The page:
Whether you're installing rough-cut lumber on the outside of your home or using it for shelves inside, you can paint the wood yourself to help seal it from spills or outside elements. Rough-cut lumber is often more difficult to paint than traditional, smooth lumber because of the roughness and depth of the wood grain. Special treatment and steps should also be taken before painting rough lumber to remove any dust or debris stuck between the grain or grooves in the board.
Stand your pieces of rough lumber up against an exterior wall.
Mist both sides of the wood with a spray of water. You want the surface of the wood to be damp. Do not soak the wood.
Mix a sodium hydroxide-based cleaner at half strength. Use the manufacturer's instructions as a guideline. If the manufacturer's instructions say to use a 1/2-cup of cleaner per 5 gallons of water, use half of the amount of cleaner specified in the suggested amount of water. In this case, half of a 1/2-cup is 1/4-cup.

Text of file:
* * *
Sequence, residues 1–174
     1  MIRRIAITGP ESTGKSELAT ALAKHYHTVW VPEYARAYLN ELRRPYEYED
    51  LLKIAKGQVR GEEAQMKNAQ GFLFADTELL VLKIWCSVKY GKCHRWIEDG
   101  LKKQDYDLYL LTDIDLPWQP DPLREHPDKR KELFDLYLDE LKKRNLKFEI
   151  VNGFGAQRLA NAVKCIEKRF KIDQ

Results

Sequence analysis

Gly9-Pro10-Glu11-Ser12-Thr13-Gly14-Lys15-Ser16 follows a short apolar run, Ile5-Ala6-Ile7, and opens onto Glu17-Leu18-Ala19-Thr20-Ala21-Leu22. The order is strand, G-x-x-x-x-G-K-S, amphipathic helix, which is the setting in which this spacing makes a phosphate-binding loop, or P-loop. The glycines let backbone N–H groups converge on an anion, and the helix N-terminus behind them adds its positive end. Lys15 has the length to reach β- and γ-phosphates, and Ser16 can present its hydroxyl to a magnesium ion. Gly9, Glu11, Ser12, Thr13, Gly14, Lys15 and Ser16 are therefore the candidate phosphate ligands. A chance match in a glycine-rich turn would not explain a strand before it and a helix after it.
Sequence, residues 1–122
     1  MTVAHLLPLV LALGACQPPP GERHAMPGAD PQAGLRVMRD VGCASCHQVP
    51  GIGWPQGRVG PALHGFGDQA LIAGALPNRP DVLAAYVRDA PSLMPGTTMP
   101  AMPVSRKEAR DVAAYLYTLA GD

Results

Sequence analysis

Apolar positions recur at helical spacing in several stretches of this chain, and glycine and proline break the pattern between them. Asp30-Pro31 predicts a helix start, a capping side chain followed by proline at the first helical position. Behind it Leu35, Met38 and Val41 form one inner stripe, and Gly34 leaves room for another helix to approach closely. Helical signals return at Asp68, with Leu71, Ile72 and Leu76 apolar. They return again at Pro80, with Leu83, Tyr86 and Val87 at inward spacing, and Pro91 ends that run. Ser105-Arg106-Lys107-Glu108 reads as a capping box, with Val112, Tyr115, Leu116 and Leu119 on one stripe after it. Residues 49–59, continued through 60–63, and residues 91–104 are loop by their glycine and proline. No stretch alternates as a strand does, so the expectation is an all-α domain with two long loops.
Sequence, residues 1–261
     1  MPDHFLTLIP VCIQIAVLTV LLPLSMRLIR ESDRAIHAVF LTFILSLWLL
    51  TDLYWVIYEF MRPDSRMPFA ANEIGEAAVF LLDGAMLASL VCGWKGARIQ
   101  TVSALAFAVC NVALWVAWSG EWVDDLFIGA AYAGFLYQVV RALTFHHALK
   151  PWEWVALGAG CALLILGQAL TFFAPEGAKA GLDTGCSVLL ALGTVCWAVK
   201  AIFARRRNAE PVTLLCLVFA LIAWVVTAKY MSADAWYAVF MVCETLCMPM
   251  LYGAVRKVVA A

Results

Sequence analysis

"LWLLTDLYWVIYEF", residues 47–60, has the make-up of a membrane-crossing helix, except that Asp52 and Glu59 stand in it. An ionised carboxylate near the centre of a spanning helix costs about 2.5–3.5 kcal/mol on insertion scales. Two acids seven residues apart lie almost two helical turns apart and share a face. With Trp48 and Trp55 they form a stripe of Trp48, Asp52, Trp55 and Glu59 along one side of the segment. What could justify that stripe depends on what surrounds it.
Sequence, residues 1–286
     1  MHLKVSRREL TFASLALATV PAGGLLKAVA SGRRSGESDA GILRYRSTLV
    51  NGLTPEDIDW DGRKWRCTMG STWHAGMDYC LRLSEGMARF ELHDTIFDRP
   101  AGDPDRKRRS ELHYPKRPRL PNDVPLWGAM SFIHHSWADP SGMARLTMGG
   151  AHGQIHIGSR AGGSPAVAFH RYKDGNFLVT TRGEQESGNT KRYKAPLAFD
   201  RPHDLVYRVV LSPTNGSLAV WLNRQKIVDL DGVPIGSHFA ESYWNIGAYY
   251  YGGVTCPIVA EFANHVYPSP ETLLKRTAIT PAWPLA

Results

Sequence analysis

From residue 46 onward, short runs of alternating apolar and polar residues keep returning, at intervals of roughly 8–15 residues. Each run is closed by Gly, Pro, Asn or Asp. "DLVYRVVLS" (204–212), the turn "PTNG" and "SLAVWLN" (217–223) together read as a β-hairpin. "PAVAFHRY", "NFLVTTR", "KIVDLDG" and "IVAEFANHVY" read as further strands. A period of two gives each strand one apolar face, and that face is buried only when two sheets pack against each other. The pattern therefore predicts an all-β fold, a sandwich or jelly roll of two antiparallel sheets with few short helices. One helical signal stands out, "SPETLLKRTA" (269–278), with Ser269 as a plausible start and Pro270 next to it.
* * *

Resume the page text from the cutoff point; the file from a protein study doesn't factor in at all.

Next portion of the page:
Put the cleaning mixture in a pressure washer. Use the pressure washer to clean the boards. Work slowly and carefully to make sure you do not damage the boards.
Let the rough cut lumber dry completely. This typically takes two or more days.
Use a thick-napped, 3/4 to 1 1/2-inch roller to apply an even coat of latex primer to the surface of the board once it's completely dry. Let the paint dry overnight.
Apply an even coat or two of latex paint in your desired color on the surface of the lumber using a second thick-napped roller. Leave the paint to dry completely.
Practice using the pressure washer on some scrap lumber before using the pressure washer on your rough-cut boards. Too much pressure or poor technique can damage boards. A thicker paint roller will hold more paint. Be careful when putting more paint on the roller, so you don't get too much paint.
Do not use alkyd paint on exterior rough-cut lumber. Alkyd paint may fail faster and may not protect against moisture or sun damage.
Sienna Condy began writing professionally in 2001 while attending the University of Cincinnati, and she's been at it ever since. Since graduating, she's written everything from marketing materials to articles on removing stains. Today, she enjoys writing about weddings, legal issues, science, health and parenting.